Tuesday, 12 May 2015 05:28

Exchange and Narrow Network Dominance: Market Implications for Healthcare Providers

Written by R. Todd Stockard

Enrollment in health insurance exchanges is surging with profound strategic and financial implications for hospitals and health systems.

More than 12 million Americans purchased insurance on public health exchanges this year, while as many as six million selected benefits through private exchanges offered by their employers. This new method of purchasing health coverage is fueling cost transparency, with consumers being more heavily influenced by price than access to care. Health plans are recognizing and responding to this by building narrow networks, and as a result, some higher-cost providers are facing market exclusion.  

My advice to hospitals and physicians? Join or create a unified contracting entity and then work to become the lowest-cost, highest-quality network in your region. Experience tells us that the first healthcare providers in a market to form such affiliations tend to gain strategic advantages while laggards may lose ground in a variety of ways.

The scope of market changes

Just three years ago, public exchanges were an experiment from the Patient Protection and Affordable Care Act’s (PPACA’s) playbook. Now, these marketplaces have become a staple of our nation’s healthcare landscape, and they will continue to play a significant role. Assuming that the PPACA’s subsidies on federally operated exchanges withstand a test before the U.S. Supreme Court, public exchange enrollment will continue to grow in the coming years. Meanwhile, most major market surveys predict that 20 to 33 percent of employers will adopt private exchanges by 2017.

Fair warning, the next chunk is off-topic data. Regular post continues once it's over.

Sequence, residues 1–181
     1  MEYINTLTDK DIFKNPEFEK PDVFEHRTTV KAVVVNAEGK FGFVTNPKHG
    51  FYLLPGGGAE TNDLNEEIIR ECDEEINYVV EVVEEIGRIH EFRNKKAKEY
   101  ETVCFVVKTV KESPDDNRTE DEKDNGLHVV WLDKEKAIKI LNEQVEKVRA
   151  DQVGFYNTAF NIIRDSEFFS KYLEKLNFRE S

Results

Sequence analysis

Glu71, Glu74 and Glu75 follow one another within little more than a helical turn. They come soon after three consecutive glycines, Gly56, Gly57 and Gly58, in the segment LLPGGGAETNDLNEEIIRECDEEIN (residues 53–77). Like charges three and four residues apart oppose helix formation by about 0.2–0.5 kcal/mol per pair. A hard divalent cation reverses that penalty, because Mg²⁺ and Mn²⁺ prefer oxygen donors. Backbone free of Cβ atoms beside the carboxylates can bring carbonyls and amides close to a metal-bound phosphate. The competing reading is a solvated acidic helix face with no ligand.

Data indicates that exchange shoppers gravitate towards the lowest-cost plans. Indeed, on public exchanges, 85 percent of shoppers picked bronze or silver plans – those with the lowest monthly premiums. On private exchanges, employees tend to select high-deductible, low-premium plans. 

Because health insurers must compete on price, and the PPACA requires all health plans to offer the same 10 essential benefits, carriers are turning to provider contracting as a mechanism to reduce costs. Many of the lowest-cost plans today offer a limited choice of doctors and hospitals with no sacrifice of quality.

This shift towards narrow networks puts unaffiliated, higher-cost healthcare institutions – such as academic medical centers, pediatric hospitals, and specialty cancer or rehabilitation treatment centers – at risk of market exclusion. Unaffiliated community hospitals are also under pressure in competitive markets. 

As an example from late 2013, only one of the insurance providers offering plans through the state of Washington’s exchange included the Seattle Cancer Care Alliance, and only three insurers included Seattle Children’s Hospital in their plans. Prestigious institutions such as UCLA Medical Center and Cedars-Sinai Medical Center in Los Angeles, Northwestern Memorial Hospital in Chicago, and Vanderbilt University Medical Center in Nashville also have been excluded by all but a few plans within their respective region’s local exchanges.